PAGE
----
Reddit Insight Logo

Reddit Insight: My Hack Reactor group project was featured on TechCrunch

About three weeks ago, we started our group project sprint at Hack Reactor. The class broke up into teams of 4-5 students to work on a large project of our choosing, that would showcase our full-stack development skills. I was part of a team consisting of Patrick, Elle, Alex, and Bill, and we formed an idea to create an analytics suite for

Our project is called Reddit Insight, and we launched our first version of the site 5 days ago. In that time, quite a lot has happened, and 100,000+ people (and counting!) have visited the site. The highlight of this experience so far is having TechCrunch pick up on the story and invite us to their offices to do an interview about our work.

Check out Elle and Alex on TechCrunch TV!

When we set out to create Reddit Insight, our goal was to create an app that would be interesting to the Reddit community, and would hopefully gain some traction. We also wanted to build an interesting app that would be exciting to talk about with future employers during job interviews.

Our first course of action with this project was to silo responsibilities, and then start working on the app framework. I decided to tackle the front-end MVC structure with Patrick, because that required extending skills I already had surrounding Backbone routers and controllers. We decided on a single-page structure, with dynamic views that would be shown/hidden based on the user navigation.

To help keep everything organized, we created a controller, which is typically not found in a Backbone application. We also created a global object with name-spacing, so that modules could be re-used throughout all areas of the application. We called this global object Redd, and we extended all of the Backbone events to this object, so that we could listen to all events from everywhere in the app. Some example app structure code:

//global Redd object
var Redd = _.extend({
  Views: {},
  Models: {},
  Collections: {},
  Templates: {},
  Controller: {},
  Router: {},
  d3: {},
  initialize: function() {
    //more code here...
}, Backbone.Events);

//part of the controller file
Redd.Controller = Backbone.Controller.extend({
  initialize: function() {
    this.navbar    = new Redd.Views.Navbar();
    this.header    = new Redd.Views.Header();
    //more instantiations here...

While Patrick and I were building the client-side framework, Alex and Bill were busy using Reddit’s API to download over 240,000 posts and over 200,000 SubReddits worth of data. Once we had that data in our Mongo database, they starting using Python machine-learning scripts to analyze specific segments of the data to find interesting facts that Elle could model using a d3 graphing library.

After two weeks of working on this project, we had a working prototype to show to our classmates and instructors on presentation day. We made our index page an animated info-graphic, which worked well for large-screen presentations. We had also implemented real-time performance graphing of a specific post on Reddit, thanks to Elle’s work with dynamic d3 charts.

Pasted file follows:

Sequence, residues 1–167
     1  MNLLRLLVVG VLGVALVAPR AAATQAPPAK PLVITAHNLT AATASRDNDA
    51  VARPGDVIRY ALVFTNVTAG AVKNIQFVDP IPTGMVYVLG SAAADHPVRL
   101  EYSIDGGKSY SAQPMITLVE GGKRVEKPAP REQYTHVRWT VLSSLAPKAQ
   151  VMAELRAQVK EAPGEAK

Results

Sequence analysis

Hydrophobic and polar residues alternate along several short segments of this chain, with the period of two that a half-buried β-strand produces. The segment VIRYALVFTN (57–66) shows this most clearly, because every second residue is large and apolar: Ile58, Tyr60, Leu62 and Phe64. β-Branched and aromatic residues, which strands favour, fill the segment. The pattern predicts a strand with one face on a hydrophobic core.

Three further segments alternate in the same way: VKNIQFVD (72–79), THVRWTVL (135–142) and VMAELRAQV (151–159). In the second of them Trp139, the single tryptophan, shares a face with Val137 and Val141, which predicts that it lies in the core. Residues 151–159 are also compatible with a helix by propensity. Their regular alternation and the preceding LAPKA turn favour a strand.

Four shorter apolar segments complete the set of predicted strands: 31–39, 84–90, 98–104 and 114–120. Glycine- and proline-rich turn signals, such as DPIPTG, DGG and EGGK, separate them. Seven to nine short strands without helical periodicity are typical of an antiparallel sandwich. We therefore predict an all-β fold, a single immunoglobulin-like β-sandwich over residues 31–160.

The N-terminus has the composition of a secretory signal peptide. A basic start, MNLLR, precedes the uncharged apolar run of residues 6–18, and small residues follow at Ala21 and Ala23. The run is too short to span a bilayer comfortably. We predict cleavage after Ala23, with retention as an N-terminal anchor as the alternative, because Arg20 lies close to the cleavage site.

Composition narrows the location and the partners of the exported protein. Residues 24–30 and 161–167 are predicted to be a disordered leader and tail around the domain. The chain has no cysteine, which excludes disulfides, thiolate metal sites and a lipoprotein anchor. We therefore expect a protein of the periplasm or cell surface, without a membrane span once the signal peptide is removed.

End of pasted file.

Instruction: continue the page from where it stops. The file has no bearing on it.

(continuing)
Last Saturday, we officially launched an unfinished version of the site on the r/JavaScript SubReddit to get some early feedback. The results were not good. Most users did not like our animated info-graphic, and the site completely broke for mobile users. Users on Reddit also complained of a bad navigation experience, and pointed out a few bugs in different areas of the site. This was exactly the feedback we were looking for.

All along, our instructors had been telling us to cut all features, and to get our app to market as quickly as possible. Having an unfinished website go live to a small set of users is way more valuable than waiting to launch until you think everything has been perfected. It is better to fail fast, then refactor, than to spend a lot of time building features that the public may not even like or use.

I took the user feedback we received to heart, and I completely refactored the homepage and navigation on Sunday. I made the site mobile friendly using a responsive grid, and I created much clearer calls to action and feature lists on the homepage. The site was now ready for the spotlight.

On Monday morning we posted a link to Reddit Insight on the SubReddit r/Technology, which was the section of Reddit we had identified as having a higher positive feedback rate than any other SubReddit. The user feedback was immense and immediate. As our post climbed higher and higher on Reddit, the number of users on Reddit Insight kept growing. Eventually, we got all the way up to the #4 post on Reddit Technology:

Reddit Insight on Reddit Technology

This is about when things started to get crazy. Gregg Finn, who writes for a marketing website called Marketing Land, saw our post on Reddit and wrote a blog post about us. He then sent it out to their 40k+ followers. This post was quickly picked up by Google Analytics, who sent it out to their 270,000 followers:

Google Analytics Reddit Insight

From that tweet, Reddit Insight exploded within the marketing community. We were re-tweeted and blogged about all over the world. Our traffic load started to strain our Heroku server, so we had to add 2 additional worker dynos to help with all of the traffic.

Our app really struck a chord with the professional marketing community. There seems to be a great need for a brand awareness and analytics tool for the black box that is Reddit. If we were to move forward with this project, I believe we could focus on the marketing community, and make a tool for them that could be monetized.

Reddit Insight concurrent users